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Q2 13Fs: Hedge Funds Buy Up AI Hype While Burry Goes Full Bear; Buffett Rebalances

Published 08/15/2023, 03:37 AM
  • Q2 2023 13F filings are out, providing insights into market moves during the 3-month period
  • Buffett moves into the homebuilders sector
  • Burry's bearish actions contrast with hedge funds' tech embrace
  • 13F reports for Q2 are out, bringing more clarity on what the biggest funds and investment companies in the market bought and sold during the 3-month period spanning from May to June, which encompassed a roughly 9% rise in the S&P 500.

    For those unfamiliar with 13F filings, these are reports that institutional investment managers overseeing assets exceeding $100 million must submit to the United States Securities and Exchange Commission (SEC) on a quarterly basis.

    These documents reveal the investment manager’s retained holdings in publicly traded securities, encompassing stocks and exchange-traded funds (ETFs), as of the conclusion of the preceding quarter before the filing date.

    For retail investors, however, 13Fs offer a great window into a fund manager’s strategy and how they had been viewing the market during the reported period.

    In Q1, investors took advantage of the banking crisis and the prolonged Chinese economic slowdown to add stocks from within both those topics to their portfolios. For more insights on their actions, read my piece on Q1 13fs here.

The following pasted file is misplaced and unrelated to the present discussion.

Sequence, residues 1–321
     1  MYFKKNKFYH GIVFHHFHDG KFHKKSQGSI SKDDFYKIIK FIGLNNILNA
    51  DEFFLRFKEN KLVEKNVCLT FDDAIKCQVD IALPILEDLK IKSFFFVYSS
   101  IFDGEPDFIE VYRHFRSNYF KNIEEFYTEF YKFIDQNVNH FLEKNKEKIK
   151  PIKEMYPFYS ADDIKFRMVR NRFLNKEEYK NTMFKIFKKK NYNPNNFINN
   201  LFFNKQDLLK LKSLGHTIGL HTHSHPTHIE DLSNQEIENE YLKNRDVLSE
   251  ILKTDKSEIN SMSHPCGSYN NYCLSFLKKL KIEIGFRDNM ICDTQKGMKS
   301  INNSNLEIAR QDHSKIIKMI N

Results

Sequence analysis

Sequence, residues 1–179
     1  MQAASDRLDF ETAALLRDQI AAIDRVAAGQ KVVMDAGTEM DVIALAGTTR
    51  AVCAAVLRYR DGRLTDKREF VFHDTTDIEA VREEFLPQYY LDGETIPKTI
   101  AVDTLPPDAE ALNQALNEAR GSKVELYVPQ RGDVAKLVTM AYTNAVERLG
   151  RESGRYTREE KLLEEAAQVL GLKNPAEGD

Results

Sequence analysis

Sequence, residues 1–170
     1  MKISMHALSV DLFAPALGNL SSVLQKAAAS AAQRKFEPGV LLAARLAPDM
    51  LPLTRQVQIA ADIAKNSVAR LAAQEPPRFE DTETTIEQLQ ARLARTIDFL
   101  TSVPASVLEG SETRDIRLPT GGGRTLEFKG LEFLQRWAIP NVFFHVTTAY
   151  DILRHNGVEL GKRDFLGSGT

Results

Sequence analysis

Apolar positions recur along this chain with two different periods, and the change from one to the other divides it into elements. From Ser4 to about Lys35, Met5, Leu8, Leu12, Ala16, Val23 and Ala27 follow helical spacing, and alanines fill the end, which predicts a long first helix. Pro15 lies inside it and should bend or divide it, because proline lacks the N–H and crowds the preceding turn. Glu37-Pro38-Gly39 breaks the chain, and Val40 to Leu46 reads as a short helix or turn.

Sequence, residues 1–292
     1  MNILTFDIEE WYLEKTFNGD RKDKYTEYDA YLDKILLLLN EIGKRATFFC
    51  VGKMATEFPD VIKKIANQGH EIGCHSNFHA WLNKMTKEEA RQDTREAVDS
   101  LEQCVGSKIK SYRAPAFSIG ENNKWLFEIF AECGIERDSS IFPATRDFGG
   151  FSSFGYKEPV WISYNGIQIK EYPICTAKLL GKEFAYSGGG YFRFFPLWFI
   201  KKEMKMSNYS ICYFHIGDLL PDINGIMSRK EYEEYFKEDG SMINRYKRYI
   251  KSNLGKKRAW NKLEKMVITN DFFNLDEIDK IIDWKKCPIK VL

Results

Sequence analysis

In Q2, however, the bull market took off, and investors were faced with the challenge of repositioning their portfolios. Let’s take a look at some of the biggest happenings of the quarter.

    InvestingPro Top Ideas Screen

    Source: InvestingPro

    By the way, InvestingPro grants you access to the 13Fs of every major investor operating within the US at the click of a button. By just clicking on “ideas” and then choosing the name of the fund manager you want more information on, investors will have access to their SEC filings — along with other relevant data from their holdings, such as Ranking Tables, Sector Concentration, and Holdings Summary.

    Burry Sells China, Goes Full Bear on the S&P 500 Again

    Burry's Scion Capital hedge fund, in its turn, adopted a bearish perspective encompassing both the broader market and the tech sector. The company purchased 20,000 put options on the SPDR S&P 500 (NYSE:SPY) at an approximate cost of $2.25 per contract, alongside an equal number of put options against the Nasdaq via the Invesco QQQ Trust (NASDAQ:QQQ) at a rough cost of $2.70 per contract.Burry's 13F Filing
    Source: SEC

    The bearish QQQ trade underscores Burry's anticipation that the current AI-driven enthusiasm may wane, potentially causing some of the gains witnessed in the SPY during the same period to lose momentum.

    These actions underscore Burry's contrarian philosophy at a time when everyone else was buying tech as if there was no tomorrow. Moreover, considering Burry's acquisitions in Q1, investors could also view these moves as hedging.

    In the stock spectrum, Burry also exited several prominent positions. Notably, he divested his entire 250,000-share holding in JD (NASDAQ:JD).com, a stock that previously represented 10.26% of his portfolio.

    Similarly, Burry liquidated his 100,000-share stake in Alibaba (NYSE:BABA), which had previously constituted 9.56% of his portfolio, with an average quarterly trading price of $87.76.Scion Holdings SummarySource: Scion Asset Management

    Completing these strategic maneuvers, Burry exited his 100,000-share investment in Zoom Video Communications (NASDAQ:ZM). This stock, once a 6.91% component of his portfolio, sustained an average quarterly trading price of $66.97.

    Hedge Funds Buy Up AI Rally, Shun Energy